Kavala, a unique destination

kavala-view

Courtesy of the Greek National Tourism Organisation www.visitgreece.gr

 

The city of Kavala is situated on a hillside along the enchanting Aegean coast, serving as a captivating cultural crossroad between the East and West. It offers a remarkable array of attractions, exceeding all expectations for an ideal destination. From majestic mountains to inviting beaches, from picturesque cityscapes to awe-inspiring vistas, Kavala boasts a rich tapestry of experiences. Its historical significance is evident through the presence of significant monuments and sites, while the local cuisine delights with its delicious offerings.

Kavala’s coastal shores are a treasure trove waiting to be explored. Whether you seek secluded beaches with crystal-clear waters or vibrant spots bustling with activity, you’ll find something to suit your preferences. Enjoy thrilling water sports activities, followed by the pleasure of savoring delectable local dishes at a charming seaside taverna. The city’s enduring importance over the years can be attributed to its strategic location next to the historic Egnatia Way and its bustling port, which facilitated connections and trade between various civilizations.

 

Explore Kavala’s Old Town, starting your tour from the Panagia neighborhood, also known as Palia Poli. This historic area features narrow streets and traditional Macedonian-style buildings. Dominating the landscape is the 15th-century Castle, erected after the destruction of the Byzantine acropolis in 1391. The Castle offers stunning views of the sea and the town and serves as a venue for cultural events. Another must-visit is the historical Imaret building, donated by Mehmet Ali, a native of the city who later became an Egyptian ruler. Originally a seminary-poorhouse, it transformed into a refugee house and is now a luxury hotel.

 

A short distance away, you’ll find a square with the bronze statue of Mehmet Ali, placed between his family house, an elegant Ottoman-style building with a garden, and the church of Panagia (built in 1965). Don’t miss the Khalil Bey mosque and the 17th-century seminary (medrese) during your exploration. Follow streets like Isidorou, Anthemiou, and Lambrou Kotsoni to reach the imposing Aqueduct, locally known as Kamares. With its 60 arches standing 25 meters tall, this landmark dates back to 1550 and later in the 19th century Mehmet Ali repaired it to provide water supply to the city.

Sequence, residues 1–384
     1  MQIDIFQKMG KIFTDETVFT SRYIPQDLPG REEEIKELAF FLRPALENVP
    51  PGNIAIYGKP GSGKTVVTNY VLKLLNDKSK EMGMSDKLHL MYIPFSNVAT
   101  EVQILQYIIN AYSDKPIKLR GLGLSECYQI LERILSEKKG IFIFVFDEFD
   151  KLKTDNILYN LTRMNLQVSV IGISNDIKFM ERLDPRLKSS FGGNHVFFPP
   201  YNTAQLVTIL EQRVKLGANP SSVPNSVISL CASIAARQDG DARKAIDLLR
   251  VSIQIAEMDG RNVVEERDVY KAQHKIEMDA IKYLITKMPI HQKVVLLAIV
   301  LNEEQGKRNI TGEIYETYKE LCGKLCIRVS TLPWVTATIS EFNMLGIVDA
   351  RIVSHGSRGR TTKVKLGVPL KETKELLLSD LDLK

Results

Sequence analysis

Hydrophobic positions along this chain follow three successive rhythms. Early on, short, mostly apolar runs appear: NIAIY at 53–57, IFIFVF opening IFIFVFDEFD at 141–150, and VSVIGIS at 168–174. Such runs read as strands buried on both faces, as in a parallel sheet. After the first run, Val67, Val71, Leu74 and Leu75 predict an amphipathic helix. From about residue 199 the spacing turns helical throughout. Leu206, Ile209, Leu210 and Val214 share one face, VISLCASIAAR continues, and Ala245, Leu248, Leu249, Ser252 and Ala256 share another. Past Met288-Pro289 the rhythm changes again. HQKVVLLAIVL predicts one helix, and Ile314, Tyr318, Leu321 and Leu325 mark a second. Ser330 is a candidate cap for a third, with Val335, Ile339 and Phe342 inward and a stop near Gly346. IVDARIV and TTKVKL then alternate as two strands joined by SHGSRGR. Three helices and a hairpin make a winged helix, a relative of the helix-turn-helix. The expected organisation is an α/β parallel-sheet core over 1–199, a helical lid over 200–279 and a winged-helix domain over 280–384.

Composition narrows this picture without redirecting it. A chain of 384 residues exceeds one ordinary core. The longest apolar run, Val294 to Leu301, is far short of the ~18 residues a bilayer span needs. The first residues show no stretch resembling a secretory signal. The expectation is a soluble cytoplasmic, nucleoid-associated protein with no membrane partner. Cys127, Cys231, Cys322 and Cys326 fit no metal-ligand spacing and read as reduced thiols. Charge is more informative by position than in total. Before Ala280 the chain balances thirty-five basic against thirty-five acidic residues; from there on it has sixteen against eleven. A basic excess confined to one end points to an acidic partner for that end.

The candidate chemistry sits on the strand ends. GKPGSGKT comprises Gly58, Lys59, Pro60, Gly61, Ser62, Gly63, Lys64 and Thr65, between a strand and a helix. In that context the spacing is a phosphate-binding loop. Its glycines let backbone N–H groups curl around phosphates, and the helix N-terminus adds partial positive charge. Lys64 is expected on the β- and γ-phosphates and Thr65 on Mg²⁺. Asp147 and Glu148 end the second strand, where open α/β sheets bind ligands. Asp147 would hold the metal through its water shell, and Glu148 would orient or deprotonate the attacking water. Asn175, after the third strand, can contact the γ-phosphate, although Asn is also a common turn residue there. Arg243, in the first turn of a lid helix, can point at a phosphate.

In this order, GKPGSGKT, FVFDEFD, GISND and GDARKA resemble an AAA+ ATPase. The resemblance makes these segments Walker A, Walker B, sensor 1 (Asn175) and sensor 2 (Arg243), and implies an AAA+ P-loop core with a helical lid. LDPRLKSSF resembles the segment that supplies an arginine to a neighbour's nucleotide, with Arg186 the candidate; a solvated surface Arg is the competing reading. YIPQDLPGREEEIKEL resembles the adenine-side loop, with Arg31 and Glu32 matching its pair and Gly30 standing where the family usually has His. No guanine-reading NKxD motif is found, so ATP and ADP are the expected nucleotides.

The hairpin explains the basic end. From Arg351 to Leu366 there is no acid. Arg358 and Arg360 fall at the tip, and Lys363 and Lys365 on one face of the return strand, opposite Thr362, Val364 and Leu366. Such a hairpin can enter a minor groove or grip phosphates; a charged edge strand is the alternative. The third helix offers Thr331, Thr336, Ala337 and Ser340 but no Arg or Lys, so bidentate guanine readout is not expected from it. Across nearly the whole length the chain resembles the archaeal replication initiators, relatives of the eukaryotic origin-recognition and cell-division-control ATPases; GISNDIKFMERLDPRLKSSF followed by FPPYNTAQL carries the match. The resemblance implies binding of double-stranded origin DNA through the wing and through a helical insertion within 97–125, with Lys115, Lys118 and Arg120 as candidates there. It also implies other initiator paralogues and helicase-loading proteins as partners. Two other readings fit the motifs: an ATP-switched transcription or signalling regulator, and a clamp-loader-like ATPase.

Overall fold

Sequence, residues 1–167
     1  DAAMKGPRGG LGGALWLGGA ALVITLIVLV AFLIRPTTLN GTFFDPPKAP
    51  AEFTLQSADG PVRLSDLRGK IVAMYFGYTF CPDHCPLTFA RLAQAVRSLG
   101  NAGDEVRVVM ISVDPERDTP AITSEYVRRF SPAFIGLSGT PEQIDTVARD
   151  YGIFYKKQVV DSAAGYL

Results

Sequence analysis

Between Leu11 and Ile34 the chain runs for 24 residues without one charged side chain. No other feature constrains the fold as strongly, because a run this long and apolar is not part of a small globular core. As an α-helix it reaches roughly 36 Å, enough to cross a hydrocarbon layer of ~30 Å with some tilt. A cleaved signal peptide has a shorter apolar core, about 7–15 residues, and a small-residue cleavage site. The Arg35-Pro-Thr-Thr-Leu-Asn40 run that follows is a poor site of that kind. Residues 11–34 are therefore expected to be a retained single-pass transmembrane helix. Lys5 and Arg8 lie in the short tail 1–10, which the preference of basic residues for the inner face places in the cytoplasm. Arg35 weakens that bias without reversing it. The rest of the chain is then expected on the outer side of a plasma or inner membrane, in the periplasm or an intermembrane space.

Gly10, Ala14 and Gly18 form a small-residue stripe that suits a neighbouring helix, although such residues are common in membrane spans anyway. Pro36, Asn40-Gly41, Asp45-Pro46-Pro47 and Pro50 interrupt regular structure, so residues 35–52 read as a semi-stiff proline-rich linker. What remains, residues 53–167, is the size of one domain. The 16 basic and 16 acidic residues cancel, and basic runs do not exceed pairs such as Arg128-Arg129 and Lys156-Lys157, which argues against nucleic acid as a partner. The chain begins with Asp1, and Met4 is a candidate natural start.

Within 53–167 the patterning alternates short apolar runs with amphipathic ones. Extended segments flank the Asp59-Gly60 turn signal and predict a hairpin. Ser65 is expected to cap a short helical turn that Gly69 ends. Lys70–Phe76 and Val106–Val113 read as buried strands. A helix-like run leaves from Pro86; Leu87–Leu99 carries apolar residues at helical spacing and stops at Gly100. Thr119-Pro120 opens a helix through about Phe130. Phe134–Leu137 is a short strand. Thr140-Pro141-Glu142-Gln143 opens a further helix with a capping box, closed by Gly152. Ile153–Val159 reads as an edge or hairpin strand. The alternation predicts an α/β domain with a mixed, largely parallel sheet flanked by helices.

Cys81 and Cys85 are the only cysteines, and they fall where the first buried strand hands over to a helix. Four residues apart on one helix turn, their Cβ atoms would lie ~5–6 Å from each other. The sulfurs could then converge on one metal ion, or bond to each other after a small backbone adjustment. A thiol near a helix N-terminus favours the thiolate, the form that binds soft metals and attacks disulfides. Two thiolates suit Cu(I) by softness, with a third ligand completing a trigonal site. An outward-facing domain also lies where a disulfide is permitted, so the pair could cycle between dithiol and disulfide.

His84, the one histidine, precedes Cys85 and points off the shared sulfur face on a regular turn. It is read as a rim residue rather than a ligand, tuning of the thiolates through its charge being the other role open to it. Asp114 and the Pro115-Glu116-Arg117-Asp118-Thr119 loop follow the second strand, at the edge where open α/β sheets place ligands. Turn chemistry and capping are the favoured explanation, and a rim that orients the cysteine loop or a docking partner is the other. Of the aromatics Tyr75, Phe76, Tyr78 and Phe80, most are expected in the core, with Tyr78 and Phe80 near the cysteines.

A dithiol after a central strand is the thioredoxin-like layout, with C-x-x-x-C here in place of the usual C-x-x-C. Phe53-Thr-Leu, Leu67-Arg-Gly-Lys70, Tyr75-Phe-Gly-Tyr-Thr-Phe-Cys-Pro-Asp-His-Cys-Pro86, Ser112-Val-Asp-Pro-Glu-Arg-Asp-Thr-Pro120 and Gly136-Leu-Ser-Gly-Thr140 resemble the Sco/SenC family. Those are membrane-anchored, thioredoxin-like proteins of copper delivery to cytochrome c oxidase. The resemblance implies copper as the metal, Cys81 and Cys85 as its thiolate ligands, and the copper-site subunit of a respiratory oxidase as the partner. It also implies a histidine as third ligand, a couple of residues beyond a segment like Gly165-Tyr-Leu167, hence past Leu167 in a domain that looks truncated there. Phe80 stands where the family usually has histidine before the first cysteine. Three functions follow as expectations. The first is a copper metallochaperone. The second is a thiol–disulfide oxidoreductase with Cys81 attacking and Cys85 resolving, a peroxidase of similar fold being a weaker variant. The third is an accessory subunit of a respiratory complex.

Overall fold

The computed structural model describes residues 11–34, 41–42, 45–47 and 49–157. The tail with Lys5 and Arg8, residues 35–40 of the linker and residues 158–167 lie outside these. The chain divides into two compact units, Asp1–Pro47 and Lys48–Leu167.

Moving on to the main city, you’ll encounter neoclassical buildings and tobacco warehouses, reflecting Kavala’s bourgeois past. The tobacco Museum on Konstantinou Paleologou Street displays historic photographs of tobacco workers from the area’s past. Start your journey at Eleftheria Square, then follow Megalou Alexandrou pedestrian street leading to Kapnergati square, where numerous cafes and bars await. Explore the Museum of the National Tobacco Organisation and adjacent tobacco warehouse to learn about the city’s tobacco production history.

 

During your stroll by the city’s port, you can capture the beauty of moored sailboats, fishing boats, and contemporary buildings. Enjoy a meal at one of the fish tavernas or relax in cafes along Ethnikis Antistaseos seaside street. Notable structures in the Municipal Park area include the City Hall, a miniature Hungarian tower, the Great Club building, the Wix Building (now housing the Municipality’s offices), and the Tokos building, which houses the Kavala-Thassos Ephorate of Antiquities.

 

The Lighthouse district on the Panagia peninsula offers breathtaking views, especially during sunsets. Here, you’ll find three lighthouses to explore: the green lighthouse on the pier, the coastal wall’s red lighthouse, and the larger lighthouse district.

Beyond the Old Town, Kavala boasts picturesque ports and beaches, such as Palio, Nea Iraklitsa, and Nea Peramo. For a historical experience, visit the UNESCO World Heritage Monument, the archaeological site of Philippi, and explore the Byzantine monasteries, traditional villages, and lush nature of Mt Paggaio.

 

Additionally, don’t miss the charming neighborhoods of Agios Ioannis and Agios Pavlos, known for their appealing architecture and churches. Before leaving the city, make sure to visit the churches of Agios Syllas and Agios Panteleimonas at the entrance of Kavala. And for a glimpse of the area’s prehistoric heritage, the Archaeological Museum showcases fascinating finds from Kavala and its surrounding regions, including Amfipoli and Aisyme.

 

Courtesy of the Greek National Tourism Organisation www.visitgreece.gr

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